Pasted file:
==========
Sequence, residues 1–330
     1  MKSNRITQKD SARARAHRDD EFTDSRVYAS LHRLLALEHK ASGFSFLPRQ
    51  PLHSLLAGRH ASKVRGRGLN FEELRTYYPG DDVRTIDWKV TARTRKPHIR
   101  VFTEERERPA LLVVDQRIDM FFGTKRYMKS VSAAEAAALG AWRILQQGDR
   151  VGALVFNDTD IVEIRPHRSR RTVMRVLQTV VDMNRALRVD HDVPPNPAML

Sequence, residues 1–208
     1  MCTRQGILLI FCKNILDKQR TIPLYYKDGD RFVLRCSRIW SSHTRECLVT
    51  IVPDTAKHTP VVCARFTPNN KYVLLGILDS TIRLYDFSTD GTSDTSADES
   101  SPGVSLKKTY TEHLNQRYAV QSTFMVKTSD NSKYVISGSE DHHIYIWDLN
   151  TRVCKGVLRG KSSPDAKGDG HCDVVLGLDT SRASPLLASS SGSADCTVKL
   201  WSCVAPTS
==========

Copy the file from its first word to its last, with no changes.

Sequence, residues 1–330
     1  MKSNRITQKD SARARAHRDD EFTDSRVYAS LHRLLALEHK ASGFSFLPRQ
    51  PLHSLLAGRH ASKVRGRGLN FEELRTYYPG DDVRTIDWKV TARTRKPHIR
   101  VFTEERERPA LLVVDQRIDM FFGTKRYMKS VSAAEAAALG AWRILQQGDR
   151  VGALVFNDTD IVEIRPHRSR RTVMRVLQTV VDMNRALRVD HDVPPNPAML

Sequence, residues 1–208
     1  MCTRQGILLI FCKNILDKQR TIPLYYKDGD RFVLRCSRIW SSHTRECLVT
    51  IVPDTAKHTP VVCARFTPNN KYVLLGILDS TIRLYDFSTD GTSDTSADES
   101  SPGVSLKKTY TEHLNQRYAV QSTFMVKTSD NSKYVISGSE DHHIYIWDLN
   151  TRVCKGVLRG KSSPDAKGDG HCDVVLGLDT SRASPLLASS SGSADCTVKL
   201  WSCVAPTS